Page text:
India declared polio-free, but global risks persist
NEW DELHI, March 27 (Thomson Reuters Foundation) - The World Health Organisation declared India free of the crippling polio virus on Thursday, making the country's almost two-decade-long, multi-billion-dollar effort one of the biggest public health achievements in recent times.
India's last case of the wild polio virus was detected in January 2011 in a two-year-old girl in the state of West Bengal. Three years without any new cases means a country can be certified as polio-free.
Afghanistan, Pakistan and Nigeria are the only countries in the world left where the virus remains endemic, largely due to violent conflicts, weak health systems and poor sanitation.
"This ceremony ... marks one of the biggest public health achievements," Poonam Khetrapal Singh, the WHO's Southeast Asia director, told diplomats and health officials at the event.
"It is a day that all countries fought hard for, and a day when all stakeholders come together to celebrate the victory of mankind over a dreaded disease that, for centuries, has killed and disabled legions."
Until the 1950s, polio crippled thousands every year in rich countries. It attacks the nervous system and can cause irreversible paralysis within hours of infection.
The highly contagious virus often spreads in areas with poor sanitation and children under five are the most vulnerable.
In 1988, the Global Polio Eradication Initiative - led by governments and supported by organisations such as WHO, Rotary International and the U.N. Children's Fund - was launched to ensure comprehensive, nationwide vaccination in endemic nations.
More than 350,000 children across 125 countries were being paralysed or killed by polio every year at that time. That figure has since reduced by 99.9 percent and in 2013, just 406 cases of polio were reported.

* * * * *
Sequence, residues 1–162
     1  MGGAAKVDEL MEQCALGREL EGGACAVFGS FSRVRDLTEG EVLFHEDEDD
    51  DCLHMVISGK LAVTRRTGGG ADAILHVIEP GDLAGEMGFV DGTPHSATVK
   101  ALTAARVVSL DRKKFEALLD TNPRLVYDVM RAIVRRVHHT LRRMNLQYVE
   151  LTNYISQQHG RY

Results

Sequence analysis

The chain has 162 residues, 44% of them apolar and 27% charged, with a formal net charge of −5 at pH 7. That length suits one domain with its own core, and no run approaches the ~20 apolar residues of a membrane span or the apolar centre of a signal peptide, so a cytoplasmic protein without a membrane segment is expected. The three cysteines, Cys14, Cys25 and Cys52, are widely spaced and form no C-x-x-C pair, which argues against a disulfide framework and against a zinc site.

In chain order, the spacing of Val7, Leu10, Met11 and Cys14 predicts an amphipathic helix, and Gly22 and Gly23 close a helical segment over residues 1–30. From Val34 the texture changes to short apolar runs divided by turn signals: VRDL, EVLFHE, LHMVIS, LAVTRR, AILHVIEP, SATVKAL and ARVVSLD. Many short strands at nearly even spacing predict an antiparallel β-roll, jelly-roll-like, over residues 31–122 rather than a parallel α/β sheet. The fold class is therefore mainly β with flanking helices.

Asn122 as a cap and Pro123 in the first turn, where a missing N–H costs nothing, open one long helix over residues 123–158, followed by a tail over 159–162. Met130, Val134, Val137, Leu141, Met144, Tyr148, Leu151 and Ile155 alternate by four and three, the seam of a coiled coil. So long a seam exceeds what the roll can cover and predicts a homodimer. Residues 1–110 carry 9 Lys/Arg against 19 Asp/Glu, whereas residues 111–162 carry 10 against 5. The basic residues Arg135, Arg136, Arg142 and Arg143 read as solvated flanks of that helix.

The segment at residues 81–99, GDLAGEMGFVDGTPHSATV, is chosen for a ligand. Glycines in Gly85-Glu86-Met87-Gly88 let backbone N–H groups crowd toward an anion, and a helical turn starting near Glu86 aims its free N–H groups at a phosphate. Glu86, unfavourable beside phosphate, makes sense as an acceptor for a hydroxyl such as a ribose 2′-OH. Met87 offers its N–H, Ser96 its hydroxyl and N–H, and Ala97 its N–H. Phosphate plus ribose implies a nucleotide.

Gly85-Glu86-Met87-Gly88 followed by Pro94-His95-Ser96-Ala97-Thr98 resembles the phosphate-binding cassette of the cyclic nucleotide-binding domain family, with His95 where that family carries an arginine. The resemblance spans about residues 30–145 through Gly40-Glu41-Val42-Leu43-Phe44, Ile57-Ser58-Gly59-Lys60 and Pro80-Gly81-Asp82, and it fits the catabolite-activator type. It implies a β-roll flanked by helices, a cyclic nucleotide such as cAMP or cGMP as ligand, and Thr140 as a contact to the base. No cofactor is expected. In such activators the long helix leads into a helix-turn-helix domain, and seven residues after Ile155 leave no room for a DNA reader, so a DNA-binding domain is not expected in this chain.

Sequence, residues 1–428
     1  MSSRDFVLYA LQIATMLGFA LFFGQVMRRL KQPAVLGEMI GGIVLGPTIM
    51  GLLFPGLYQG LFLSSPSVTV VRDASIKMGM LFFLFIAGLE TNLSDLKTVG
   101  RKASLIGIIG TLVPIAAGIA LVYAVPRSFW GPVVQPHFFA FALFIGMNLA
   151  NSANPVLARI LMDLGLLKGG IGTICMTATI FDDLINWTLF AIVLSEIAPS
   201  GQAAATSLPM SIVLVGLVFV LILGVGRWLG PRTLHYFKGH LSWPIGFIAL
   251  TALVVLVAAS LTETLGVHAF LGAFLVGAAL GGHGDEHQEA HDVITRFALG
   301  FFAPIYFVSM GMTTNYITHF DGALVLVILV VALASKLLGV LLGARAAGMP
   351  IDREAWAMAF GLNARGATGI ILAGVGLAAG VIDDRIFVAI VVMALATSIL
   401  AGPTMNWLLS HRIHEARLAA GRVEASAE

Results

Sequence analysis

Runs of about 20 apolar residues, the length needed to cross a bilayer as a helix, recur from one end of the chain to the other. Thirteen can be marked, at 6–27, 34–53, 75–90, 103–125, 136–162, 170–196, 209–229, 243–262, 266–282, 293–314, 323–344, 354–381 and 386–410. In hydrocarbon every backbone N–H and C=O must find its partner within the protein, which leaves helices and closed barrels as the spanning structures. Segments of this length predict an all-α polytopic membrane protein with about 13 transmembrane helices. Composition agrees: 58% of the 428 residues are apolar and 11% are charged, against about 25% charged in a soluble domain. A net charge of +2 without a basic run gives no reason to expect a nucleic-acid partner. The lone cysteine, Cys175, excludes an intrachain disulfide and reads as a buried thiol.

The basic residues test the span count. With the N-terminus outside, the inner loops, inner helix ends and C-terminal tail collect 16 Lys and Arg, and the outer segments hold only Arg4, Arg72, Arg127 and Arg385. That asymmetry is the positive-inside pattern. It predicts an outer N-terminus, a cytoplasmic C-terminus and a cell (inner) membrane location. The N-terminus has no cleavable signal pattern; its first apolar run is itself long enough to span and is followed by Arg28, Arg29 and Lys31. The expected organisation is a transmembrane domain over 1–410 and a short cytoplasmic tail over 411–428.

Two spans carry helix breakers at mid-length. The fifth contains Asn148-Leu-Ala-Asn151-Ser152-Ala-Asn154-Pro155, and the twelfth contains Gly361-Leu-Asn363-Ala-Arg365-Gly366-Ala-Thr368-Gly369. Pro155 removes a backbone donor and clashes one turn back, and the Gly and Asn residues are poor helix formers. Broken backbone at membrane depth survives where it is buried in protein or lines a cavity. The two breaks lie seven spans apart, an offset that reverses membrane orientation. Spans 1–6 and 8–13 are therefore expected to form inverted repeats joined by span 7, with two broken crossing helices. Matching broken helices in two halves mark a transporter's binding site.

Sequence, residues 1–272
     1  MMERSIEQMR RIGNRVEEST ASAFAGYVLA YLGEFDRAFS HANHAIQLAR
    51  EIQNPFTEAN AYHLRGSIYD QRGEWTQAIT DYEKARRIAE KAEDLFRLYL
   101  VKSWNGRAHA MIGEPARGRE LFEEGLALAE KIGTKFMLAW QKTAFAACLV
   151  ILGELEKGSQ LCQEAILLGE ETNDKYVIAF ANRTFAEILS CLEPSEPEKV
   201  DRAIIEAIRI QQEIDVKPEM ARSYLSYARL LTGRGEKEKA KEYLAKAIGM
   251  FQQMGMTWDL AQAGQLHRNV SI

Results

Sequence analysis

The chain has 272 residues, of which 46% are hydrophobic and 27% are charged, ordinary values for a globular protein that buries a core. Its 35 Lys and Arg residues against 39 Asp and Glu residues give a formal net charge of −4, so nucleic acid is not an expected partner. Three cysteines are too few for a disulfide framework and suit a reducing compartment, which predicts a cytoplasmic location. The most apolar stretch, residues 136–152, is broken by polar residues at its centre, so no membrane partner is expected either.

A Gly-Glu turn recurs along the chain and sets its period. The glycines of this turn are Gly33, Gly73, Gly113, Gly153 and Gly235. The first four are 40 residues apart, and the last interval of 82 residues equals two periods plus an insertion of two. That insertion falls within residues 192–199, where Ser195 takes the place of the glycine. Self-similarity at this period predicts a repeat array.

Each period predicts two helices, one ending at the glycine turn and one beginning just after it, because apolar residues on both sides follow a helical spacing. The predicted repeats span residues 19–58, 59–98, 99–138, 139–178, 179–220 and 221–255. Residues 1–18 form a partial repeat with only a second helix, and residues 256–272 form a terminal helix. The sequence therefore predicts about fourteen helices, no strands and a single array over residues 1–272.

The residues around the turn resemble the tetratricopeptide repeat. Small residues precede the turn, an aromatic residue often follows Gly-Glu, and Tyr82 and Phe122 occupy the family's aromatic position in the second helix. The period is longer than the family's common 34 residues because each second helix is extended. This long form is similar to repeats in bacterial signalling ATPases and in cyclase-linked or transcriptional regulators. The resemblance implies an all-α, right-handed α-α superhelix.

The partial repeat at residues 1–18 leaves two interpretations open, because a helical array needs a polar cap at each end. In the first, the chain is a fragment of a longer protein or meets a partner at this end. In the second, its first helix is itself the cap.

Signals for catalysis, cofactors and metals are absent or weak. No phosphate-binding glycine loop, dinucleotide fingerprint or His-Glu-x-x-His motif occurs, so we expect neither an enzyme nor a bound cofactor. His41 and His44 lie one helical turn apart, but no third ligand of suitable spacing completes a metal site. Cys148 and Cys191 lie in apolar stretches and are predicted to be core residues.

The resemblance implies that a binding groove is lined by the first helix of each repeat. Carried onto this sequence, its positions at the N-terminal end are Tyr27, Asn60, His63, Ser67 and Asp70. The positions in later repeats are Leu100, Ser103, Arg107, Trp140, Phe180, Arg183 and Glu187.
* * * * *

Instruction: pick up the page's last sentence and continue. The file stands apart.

India - where more than 50,000 children were afflicted with the virus every year - was considered one of the toughest places in the world to eradicate polio. Many families in poor, high-risk northern states such as Bihar and Uttar Pradesh migrate for work, while others live in remote areas.
Millions of health workers were involved in India's mammoth drive to immunise children by giving them polio drops.
They targeted migrant families at bus stations, on trains and at festivals. Some used motorcycles or trekked by foot to reach villages.
As a result, over 170 million children are now immunised every year, with millions more targeted in house-to-house visits in a drive which has cost the government $3 billion since 1995.
In 2009, 741 Indians fell sick with polio, nearly half the world's cases that year. The number dropped to 42 in 2010 and only one in 2011.
In Pakistan - the only country where polio cases are increasing - gunmen frequently attack polio workers, accusing them of being Western spies and part of a plot to sterilise Muslims. Earlier this month, militants killed 12 members of the security escort for a polio vaccination, detonating a roadside bomb before opening fire on their convoy.
In neighbouring Afghanistan, a three-year-old girl was found in February to have contracted the first case of polio in the country's capital Kabul since 2001.
(Additional reporting by Shyamantha Asokan; Editing by Douglas Busvine and Nick Macfie)
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